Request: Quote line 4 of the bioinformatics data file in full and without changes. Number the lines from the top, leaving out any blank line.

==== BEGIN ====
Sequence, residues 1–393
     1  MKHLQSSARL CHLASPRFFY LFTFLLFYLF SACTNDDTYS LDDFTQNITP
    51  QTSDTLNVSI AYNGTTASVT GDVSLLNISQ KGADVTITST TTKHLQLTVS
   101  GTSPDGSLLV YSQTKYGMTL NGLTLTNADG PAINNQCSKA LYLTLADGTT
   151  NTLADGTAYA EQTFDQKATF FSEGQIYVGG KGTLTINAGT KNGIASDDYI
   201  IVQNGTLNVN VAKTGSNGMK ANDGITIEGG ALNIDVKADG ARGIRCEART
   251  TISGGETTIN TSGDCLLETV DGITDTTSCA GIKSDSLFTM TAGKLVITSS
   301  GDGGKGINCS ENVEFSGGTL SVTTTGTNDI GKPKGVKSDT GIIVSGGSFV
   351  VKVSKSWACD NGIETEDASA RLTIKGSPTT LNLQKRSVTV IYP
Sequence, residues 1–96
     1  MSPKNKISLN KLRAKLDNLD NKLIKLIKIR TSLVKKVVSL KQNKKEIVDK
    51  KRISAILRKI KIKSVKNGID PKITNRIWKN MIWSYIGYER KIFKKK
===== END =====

   101  GTSPDGSLLV YSQTKYGMTL NGLTLTNADG PAINNQCSKA LYLTLADGTT